"Henry and Nellie Carson had two children, John William and Joshua Douglas, called Doug. The boys grew up in the Carson Cabin, and Doug was married first, moved into another cabin nearby. He died at the age of thirty-three, leaving four small children who later inherited part of their grandfather Carson's property. In 1905, John W. Carson married his cousin Sallie Dillingham, daughter of Ben and Rebecca (Riddle) Dillingham, and they lived with his parents. Sallie's unmarried sister, Mary Dillingham, who was crippled with polio, also came to the Carson home and lived there the rest of her life. Although John and Sallie had no children of their own, they raised a boy, known as Lee Carson, as their son. Lee was killed in action in World War II.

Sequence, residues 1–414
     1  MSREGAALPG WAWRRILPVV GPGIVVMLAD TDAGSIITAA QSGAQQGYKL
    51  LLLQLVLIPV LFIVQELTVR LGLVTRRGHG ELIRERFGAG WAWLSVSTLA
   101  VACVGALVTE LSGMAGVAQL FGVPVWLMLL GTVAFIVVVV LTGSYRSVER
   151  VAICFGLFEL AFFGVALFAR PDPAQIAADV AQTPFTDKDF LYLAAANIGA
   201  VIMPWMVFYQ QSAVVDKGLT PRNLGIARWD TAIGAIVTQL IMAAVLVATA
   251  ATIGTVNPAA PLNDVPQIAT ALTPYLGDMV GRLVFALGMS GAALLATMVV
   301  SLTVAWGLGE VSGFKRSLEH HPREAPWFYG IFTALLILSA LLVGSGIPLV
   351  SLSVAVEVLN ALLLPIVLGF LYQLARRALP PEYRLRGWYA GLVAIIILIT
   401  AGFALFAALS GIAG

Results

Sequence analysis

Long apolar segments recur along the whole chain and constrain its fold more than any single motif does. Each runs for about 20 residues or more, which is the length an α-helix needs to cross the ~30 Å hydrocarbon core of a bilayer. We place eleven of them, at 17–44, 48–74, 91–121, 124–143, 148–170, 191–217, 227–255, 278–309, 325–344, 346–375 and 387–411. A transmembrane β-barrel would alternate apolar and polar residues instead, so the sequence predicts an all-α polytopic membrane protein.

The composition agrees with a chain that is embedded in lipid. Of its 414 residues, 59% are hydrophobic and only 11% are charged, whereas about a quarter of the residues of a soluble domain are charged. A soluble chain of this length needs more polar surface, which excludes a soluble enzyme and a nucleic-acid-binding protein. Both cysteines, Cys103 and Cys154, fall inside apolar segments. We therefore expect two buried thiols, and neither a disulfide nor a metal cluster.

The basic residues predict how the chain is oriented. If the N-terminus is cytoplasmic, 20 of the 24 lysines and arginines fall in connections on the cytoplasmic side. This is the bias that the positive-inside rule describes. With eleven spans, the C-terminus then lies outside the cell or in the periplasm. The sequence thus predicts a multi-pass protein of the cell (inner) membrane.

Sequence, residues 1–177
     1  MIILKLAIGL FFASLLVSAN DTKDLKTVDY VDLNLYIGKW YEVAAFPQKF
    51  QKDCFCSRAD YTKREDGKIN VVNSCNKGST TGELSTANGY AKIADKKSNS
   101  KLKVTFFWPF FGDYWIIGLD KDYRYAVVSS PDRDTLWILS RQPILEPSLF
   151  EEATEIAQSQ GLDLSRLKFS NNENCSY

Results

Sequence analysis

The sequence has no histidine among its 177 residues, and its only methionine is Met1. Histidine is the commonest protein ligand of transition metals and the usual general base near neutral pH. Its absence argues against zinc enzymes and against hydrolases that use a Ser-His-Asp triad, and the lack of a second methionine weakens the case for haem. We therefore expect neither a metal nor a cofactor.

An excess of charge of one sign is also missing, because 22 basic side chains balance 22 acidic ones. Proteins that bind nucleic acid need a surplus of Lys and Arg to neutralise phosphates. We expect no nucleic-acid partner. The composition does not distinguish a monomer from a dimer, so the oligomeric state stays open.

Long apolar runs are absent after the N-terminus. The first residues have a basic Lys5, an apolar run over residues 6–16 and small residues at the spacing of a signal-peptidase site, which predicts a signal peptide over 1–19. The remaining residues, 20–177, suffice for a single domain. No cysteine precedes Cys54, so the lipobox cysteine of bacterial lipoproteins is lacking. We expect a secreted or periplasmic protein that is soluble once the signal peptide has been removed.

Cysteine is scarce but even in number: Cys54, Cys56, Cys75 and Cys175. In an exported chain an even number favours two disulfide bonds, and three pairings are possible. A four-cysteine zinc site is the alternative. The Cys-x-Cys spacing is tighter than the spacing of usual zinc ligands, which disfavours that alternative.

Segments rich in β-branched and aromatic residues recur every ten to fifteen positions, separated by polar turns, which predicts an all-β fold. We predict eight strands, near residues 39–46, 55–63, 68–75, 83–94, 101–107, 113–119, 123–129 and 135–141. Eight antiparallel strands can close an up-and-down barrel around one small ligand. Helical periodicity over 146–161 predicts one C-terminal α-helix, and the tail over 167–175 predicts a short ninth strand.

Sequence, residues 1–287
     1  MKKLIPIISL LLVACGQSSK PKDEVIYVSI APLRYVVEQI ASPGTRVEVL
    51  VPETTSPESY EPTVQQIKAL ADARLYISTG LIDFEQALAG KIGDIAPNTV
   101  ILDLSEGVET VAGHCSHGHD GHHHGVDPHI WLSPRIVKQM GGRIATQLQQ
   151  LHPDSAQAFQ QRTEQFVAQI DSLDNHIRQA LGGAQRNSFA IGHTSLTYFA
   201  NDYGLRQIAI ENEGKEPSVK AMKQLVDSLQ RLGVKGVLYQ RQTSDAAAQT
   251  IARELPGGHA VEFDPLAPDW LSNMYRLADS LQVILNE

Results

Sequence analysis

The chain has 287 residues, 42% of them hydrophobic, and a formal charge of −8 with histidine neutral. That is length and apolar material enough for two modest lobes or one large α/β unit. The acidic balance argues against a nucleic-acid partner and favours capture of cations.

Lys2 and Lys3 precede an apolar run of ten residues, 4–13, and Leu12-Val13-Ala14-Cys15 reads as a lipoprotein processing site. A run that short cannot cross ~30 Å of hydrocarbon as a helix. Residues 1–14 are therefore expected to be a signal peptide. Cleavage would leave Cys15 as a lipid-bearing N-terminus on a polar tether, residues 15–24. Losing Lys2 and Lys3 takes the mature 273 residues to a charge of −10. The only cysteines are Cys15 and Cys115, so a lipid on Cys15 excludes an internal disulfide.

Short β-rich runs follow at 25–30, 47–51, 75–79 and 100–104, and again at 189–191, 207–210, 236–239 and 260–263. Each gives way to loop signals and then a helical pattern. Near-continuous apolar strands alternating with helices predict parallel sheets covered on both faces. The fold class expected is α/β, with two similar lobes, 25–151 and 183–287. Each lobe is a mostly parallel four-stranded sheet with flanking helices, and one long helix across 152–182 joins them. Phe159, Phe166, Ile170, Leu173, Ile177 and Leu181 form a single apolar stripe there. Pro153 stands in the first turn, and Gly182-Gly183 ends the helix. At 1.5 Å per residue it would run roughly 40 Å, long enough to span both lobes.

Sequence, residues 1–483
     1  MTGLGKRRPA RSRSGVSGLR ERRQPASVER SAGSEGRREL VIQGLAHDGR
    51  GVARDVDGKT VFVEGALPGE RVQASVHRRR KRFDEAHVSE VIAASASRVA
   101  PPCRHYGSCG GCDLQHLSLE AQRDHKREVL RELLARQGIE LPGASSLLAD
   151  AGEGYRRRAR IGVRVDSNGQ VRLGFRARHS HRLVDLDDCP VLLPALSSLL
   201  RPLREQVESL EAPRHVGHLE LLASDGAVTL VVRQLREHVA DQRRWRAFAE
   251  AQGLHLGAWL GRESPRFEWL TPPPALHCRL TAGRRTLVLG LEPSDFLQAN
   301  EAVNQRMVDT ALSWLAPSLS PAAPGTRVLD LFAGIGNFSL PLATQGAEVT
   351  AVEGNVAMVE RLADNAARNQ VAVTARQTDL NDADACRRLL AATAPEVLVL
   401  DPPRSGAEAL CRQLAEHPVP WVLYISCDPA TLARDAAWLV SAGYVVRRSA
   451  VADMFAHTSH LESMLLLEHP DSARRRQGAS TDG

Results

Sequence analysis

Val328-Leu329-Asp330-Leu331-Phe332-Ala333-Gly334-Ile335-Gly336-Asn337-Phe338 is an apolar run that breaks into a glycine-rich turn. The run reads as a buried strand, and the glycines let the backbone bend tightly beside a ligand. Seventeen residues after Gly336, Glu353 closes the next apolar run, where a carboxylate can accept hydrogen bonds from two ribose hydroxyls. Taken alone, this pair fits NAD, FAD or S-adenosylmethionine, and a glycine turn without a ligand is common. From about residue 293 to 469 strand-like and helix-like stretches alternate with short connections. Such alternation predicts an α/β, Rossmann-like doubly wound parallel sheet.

"There were others -- Nettie Farmer, whom Nellie raised from childhood and sent to school, lived with the Carsons until she married; Laura Cole, Mary and Stella Freeman, were hired girls; Louise Burleson and Nina Anders boarded there and taught at the Carson School; a succession of hired men, among them George Carver, and the most memorable, Newt Biddix, a Cherokee Indian. Newt taught Sallie Carson how to make herb medicines which she bottled and sold. The most popular was her cough syrup, said to cure consumption, which had a base of 'moonshine'. It may not have been a panacea, but it surely made the patient feel better, at least temporarily." - Margaret W. Haile
Sources: Margaret W. Haile, "The Carson Cabin", Heritage of Old Buncombe County, Vol II (Doris Cline Ward, Editor), 1987, p. 16.